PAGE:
I make sure I have wrapped up all the cases I could for the day and make a final round to see any of my remaining patients before signing over to the next Emergency physician.

Ever since I was a child, I have always been interested in helping people from different walks of life. I went on to become a doctor because I saw medicine as a valuable profession that serves a basic human need for everyone, across cultures and no matter their situation.

After practicing family medicine, I decided to specialize in the Emergency Department. I liked the idea of problem solving in an acute team environment where investigation is required to figure out if you are dealing with a minor health problem or something major.

My name is Dr. Eliza Chan; I am the Co-Department Head for Richmond Hospital’s emergency department and I have been an emergency physician for 17 years. I have been working at Richmond Hospital since 2018, where I love getting to know people from the community and experiencing the different cultures and needs of our patients. As a bilingual person who is passionate about diversity, equity, and inclusion, I feel I have something to contribute to this wonderful community.

I am also proud to work with a team of health professionals who provide the best care for our patients even when they’re at their most vulnerable. That’s incredibly meaningful. And the fact is, we couldn’t do that without your support, because your donations help all of our health care teams provide timely and efficient care during these challenging times.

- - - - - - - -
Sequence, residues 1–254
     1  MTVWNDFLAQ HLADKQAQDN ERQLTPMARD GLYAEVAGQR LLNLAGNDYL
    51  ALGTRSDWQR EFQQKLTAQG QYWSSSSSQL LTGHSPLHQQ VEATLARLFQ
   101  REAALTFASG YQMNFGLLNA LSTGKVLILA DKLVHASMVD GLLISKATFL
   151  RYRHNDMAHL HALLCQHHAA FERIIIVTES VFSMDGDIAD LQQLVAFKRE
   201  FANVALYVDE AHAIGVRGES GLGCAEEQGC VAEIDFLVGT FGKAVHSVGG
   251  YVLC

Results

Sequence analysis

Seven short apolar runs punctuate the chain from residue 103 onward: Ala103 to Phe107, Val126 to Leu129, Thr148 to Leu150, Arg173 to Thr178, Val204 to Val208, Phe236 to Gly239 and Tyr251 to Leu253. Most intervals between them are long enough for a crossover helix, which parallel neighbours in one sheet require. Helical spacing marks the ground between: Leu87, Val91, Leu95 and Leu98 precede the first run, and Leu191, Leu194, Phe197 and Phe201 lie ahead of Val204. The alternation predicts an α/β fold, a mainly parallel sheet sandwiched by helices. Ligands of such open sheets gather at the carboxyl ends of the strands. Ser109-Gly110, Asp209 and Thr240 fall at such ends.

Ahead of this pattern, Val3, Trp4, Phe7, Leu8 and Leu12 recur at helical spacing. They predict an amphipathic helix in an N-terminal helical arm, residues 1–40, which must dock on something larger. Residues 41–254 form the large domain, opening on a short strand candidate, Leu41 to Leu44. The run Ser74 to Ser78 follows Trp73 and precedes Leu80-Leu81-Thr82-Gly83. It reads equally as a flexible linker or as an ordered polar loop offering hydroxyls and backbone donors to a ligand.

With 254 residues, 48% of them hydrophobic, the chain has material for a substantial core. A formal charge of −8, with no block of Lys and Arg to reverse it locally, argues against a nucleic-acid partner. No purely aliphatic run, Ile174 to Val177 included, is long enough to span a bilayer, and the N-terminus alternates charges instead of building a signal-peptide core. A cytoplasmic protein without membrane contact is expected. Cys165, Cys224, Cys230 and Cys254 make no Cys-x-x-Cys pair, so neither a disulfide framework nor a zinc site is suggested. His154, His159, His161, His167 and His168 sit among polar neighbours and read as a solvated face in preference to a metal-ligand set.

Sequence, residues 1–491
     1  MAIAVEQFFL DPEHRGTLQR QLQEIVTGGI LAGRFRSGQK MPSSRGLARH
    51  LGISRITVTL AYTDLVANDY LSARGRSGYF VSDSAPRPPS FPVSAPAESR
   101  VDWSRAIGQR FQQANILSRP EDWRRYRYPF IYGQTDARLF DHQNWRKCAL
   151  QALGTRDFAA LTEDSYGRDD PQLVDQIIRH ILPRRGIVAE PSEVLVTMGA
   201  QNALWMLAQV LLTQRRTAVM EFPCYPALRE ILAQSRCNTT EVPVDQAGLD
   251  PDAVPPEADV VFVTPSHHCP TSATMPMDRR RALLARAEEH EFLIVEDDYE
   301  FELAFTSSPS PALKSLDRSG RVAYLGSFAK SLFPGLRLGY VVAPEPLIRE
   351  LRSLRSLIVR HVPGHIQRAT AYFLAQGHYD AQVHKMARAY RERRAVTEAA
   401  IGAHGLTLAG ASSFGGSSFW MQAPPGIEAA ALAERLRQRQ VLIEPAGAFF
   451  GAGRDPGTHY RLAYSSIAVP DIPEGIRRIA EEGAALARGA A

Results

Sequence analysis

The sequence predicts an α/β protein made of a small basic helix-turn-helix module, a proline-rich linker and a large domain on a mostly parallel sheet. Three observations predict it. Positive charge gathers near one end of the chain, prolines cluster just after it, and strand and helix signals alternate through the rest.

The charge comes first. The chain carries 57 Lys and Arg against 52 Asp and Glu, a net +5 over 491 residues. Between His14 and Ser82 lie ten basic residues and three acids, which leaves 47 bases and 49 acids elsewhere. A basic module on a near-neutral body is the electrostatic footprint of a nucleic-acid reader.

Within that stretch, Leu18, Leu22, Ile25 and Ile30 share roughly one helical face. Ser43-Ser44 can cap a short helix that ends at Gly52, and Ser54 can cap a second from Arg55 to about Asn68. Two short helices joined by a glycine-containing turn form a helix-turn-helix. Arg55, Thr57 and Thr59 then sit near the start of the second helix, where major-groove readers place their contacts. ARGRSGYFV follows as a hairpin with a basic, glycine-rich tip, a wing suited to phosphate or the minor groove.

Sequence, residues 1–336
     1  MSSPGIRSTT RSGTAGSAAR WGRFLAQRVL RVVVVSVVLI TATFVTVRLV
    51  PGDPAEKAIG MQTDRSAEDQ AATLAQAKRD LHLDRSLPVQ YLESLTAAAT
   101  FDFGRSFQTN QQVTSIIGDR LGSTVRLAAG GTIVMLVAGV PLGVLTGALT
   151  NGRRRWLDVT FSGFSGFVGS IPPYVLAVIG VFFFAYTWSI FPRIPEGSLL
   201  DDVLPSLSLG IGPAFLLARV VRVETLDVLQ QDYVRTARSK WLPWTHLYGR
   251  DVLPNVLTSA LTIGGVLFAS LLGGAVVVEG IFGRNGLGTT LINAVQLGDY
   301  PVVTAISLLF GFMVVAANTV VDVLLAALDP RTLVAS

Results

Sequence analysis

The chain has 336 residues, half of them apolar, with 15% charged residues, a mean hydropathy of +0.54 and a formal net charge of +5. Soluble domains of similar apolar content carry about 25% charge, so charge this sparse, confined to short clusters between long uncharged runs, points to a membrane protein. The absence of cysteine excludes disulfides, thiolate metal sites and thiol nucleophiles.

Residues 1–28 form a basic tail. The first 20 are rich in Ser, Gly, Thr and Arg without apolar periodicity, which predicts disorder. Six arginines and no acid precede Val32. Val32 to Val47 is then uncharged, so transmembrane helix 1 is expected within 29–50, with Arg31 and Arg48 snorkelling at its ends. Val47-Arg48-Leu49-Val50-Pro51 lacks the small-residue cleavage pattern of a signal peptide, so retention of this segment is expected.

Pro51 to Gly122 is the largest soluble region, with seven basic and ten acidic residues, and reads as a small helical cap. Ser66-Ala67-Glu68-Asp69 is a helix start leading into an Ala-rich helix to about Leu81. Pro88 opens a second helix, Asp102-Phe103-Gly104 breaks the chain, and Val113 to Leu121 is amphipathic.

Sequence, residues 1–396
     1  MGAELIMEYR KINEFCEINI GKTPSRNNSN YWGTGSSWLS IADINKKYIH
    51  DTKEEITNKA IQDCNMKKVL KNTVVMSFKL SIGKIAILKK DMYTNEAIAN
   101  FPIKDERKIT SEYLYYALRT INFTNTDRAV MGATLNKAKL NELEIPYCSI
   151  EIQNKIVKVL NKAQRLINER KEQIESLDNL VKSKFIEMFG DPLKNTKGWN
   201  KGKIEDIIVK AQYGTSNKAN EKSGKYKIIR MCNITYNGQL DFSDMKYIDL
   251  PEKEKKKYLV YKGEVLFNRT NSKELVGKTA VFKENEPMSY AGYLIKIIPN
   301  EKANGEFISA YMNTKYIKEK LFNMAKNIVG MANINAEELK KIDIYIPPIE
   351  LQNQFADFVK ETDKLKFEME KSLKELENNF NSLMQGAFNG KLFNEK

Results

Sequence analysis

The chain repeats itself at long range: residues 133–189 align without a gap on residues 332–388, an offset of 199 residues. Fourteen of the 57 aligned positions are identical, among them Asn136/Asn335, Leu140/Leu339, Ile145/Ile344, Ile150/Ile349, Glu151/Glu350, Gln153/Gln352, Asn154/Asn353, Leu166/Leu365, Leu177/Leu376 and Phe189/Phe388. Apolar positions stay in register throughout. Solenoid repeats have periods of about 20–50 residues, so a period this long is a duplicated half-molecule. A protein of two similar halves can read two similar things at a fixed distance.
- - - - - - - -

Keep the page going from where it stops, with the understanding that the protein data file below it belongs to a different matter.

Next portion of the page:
Every dollar you give allows health care teams at Richmond Hospital to continue delivering tireless care for you and your loved ones despite the extra strains of the pandemic. That’s why I hope you will consider a generous donation towards the gift of health for your family, friends, and neighbours.

At Richmond Hospital, we have close to 40 Emergency Department (ED) physicians who work varied shifts. We take turns filling different roles within the department—from Acute, where patients may need resuscitation, to Intake, where patients are quite sick, to Fast Track, where we take care of simpler problems like cuts or broken bones.

Every day in the ED is different. Every day is a challenge. With an aging population in Richmond, patient visits to the ED are high. Early days of the pandemic saw patients avoiding the ED, but we are now back to pre-COVID numbers. The combination of the pandemic and other life challenges has created a new ED reality for staff and patients. Patients are arriving in poor condition with longer stays required to recover, along with a significant rise in mental health and drug addiction visits. These circumstances are then further exacerbated by staffing shortages due to pandemic related burnout.

However, even with the current challenges, I can’t begin to tell you how gratifying my job is. Working at a community hospital like ours, you develop a relationship with your colleagues, your patients, and their families.

At Richmond Hospital, we want to see all of our patients live their healthiest lives, and your help makes that possible. Thank you for giving the gift of health and supporting the health of your community.


Dr. Eliza Chan
Emergency Department

P.S. Now is the time to show your support for your community heroes who are committed to caring for you and your loved ones!

Thank you. Your document has been uploaded